Ah, I love In this moment I want To be crazy and not love Because love causes pain Pain that has no end A crazy person lives without pain
Don’t be afraid of the path It’s like a curse Don’t be afraid of the path If it lights up I follow it You already know that’s what happens And nobody wants to say it
I left a trail Of blood on the ground I left a trail That brings me to the first day That I told you I loved you To know what you said
Ah, I love In this moment I want To be crazy and not love Because love causes pain Pain that has no end A crazy person lives without pain

There are many similarities and a few notable differences between Maldición and
Catullus 85. In Maldición, Rosalia also omits a direct object when she says “ah, I love”,
indicating that the narrator does not really love her husband. She goes on to say,
similar to Catullus’ line, “I am tortured”, “I want to be crazy and not love/, because love
causes pain/pain that has no end”. The narrator is stating that she would rather be
insane than be in love because it causes her so much continuous harm. It is interesting
to note that in Catullus 7, an earlier work of his, Catullus calls himself crazy in the
context of being in love with Lesbia, suggesting that one can be crazy with love.
Another similarity between the two works is the feeling of self-deprecation and failure.
Rosalia’s lines, “If [the path] lights up I follow it/You already know that’s what
happens/And nobody wants to say it”, reflect this dynamic. Here, Rosalia is using the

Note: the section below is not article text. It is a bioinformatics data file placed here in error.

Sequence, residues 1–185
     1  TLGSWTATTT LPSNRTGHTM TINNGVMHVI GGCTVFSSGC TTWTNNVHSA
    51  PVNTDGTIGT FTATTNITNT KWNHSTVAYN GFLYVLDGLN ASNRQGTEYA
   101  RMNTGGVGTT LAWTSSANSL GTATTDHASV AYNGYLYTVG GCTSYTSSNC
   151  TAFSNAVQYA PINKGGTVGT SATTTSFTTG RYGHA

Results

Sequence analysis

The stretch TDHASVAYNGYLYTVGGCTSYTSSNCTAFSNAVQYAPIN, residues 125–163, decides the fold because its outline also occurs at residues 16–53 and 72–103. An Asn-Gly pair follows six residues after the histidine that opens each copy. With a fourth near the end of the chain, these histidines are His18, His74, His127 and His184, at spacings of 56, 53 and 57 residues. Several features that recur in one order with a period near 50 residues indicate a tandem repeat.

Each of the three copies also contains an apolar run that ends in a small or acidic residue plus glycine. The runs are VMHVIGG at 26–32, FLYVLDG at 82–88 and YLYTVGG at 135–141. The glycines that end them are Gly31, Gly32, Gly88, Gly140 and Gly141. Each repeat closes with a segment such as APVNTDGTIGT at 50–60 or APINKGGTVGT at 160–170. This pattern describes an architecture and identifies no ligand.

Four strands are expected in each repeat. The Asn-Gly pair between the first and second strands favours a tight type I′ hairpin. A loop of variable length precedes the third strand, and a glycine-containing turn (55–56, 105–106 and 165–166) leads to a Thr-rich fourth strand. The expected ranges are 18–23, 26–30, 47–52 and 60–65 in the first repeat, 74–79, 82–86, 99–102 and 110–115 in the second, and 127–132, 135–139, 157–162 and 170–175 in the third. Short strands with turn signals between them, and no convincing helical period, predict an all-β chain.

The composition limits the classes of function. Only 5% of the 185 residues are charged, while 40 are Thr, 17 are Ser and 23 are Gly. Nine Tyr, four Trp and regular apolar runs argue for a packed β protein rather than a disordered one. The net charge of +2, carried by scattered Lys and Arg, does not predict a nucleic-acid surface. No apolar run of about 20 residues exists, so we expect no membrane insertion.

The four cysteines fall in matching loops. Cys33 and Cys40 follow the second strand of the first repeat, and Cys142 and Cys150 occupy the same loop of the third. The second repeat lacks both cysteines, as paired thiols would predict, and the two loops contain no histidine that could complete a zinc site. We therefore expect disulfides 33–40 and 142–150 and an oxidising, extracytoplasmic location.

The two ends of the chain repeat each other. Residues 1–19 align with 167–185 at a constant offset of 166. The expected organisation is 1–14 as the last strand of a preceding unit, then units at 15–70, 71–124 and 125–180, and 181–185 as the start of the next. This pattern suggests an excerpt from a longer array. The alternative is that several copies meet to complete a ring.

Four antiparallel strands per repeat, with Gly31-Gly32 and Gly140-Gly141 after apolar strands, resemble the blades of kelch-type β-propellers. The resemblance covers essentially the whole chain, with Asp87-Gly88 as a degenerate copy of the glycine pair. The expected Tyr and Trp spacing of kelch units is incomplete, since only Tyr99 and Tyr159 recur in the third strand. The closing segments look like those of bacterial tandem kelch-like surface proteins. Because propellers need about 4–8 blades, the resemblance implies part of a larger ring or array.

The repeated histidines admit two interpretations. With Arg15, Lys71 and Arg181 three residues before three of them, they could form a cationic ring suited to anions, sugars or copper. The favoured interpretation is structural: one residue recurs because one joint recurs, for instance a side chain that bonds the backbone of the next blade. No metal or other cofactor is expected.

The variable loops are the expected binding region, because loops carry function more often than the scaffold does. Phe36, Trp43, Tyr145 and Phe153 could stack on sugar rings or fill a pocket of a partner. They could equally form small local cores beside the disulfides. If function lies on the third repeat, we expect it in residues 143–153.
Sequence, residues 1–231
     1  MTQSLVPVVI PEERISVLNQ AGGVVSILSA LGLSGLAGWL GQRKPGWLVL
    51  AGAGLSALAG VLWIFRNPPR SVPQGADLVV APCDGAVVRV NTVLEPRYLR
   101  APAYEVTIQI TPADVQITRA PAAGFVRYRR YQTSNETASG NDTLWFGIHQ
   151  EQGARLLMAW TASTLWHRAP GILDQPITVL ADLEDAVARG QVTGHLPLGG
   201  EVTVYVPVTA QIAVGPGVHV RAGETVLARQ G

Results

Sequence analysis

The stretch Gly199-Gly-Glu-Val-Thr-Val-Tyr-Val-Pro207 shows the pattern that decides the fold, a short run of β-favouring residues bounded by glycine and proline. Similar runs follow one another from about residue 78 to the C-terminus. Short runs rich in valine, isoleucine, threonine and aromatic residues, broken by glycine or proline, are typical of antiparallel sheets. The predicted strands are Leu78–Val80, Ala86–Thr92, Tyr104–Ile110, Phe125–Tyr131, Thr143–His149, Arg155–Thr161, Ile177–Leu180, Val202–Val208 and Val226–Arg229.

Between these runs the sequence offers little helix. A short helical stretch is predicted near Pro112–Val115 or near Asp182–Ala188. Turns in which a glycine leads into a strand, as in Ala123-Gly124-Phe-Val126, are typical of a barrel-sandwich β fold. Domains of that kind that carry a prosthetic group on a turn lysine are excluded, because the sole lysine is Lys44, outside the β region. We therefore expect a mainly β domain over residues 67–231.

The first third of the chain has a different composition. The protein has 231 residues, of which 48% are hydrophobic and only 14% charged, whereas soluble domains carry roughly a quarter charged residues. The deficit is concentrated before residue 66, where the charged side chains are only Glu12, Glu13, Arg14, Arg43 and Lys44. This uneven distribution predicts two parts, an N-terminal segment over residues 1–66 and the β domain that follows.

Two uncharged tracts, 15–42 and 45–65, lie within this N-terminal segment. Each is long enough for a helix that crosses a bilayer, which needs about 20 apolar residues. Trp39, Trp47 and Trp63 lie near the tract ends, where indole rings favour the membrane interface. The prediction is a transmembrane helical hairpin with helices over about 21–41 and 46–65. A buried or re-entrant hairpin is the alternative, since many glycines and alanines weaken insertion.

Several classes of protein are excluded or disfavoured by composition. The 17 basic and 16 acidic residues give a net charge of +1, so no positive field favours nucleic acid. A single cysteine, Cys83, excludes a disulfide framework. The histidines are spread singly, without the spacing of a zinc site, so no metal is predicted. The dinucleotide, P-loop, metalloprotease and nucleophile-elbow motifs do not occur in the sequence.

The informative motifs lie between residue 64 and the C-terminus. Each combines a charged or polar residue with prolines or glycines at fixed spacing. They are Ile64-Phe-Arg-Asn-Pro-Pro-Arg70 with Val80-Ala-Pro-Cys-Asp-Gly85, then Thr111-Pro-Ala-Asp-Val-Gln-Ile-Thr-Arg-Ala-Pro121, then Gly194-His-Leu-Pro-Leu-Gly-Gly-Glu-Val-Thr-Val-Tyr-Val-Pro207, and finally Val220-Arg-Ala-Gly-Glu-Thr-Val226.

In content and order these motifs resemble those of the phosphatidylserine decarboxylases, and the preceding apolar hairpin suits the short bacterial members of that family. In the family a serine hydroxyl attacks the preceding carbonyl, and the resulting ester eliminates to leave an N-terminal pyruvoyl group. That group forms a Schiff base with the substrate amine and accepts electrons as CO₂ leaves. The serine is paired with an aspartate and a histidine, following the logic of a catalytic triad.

metaphor of a “path” to mean love. The narrator is aware that she has, and continues
to subject herself to love, which ultimately causes pain. This concept is reflected in the
lines, “how am I doing this, perhaps you ask?/ I do not know”, in Catullus 85. It is clear
that both narrators at some point confuse love with a dependency to their respective
partners. The main difference between the two works is that Rosalia’s narrator has a
better understanding of her own emotions and is more decisive than Catullus. First, the
narrator realizes that, in order to escape love, it will either “cost her life” or she “might
have to kill”. Catullus does not consider at all the possibility of leaving Lesbia, setting
him apart from Rosalia’s narrator, and emphasizes his obsession with Lesbia and his
lack of power. By the end of the song, the narrator ends up killing her abusive spouse.
Through this demonstration, the narrator of Maldición carries far more agency than
Catullus does; Maldición uses a larger variety of tenses than Catullus 85. For example,
the opening stanza is in the past tense, reminiscing on others’ warnings when she fell
in love. This indicates that she has put more thought into her predicament than
Catullus has. Lastly, the narrator of Maldición, unlike Catullus, does not ever say “I
hate”, or speak negatively of her abuser. This represents her power and autonomy
because it shows that she is not reliant on his validation or attention. Thus, unlike
Catullus 85, the narrator of Maldición is able to end the “curse” and pain of love and
gain her “sanity”.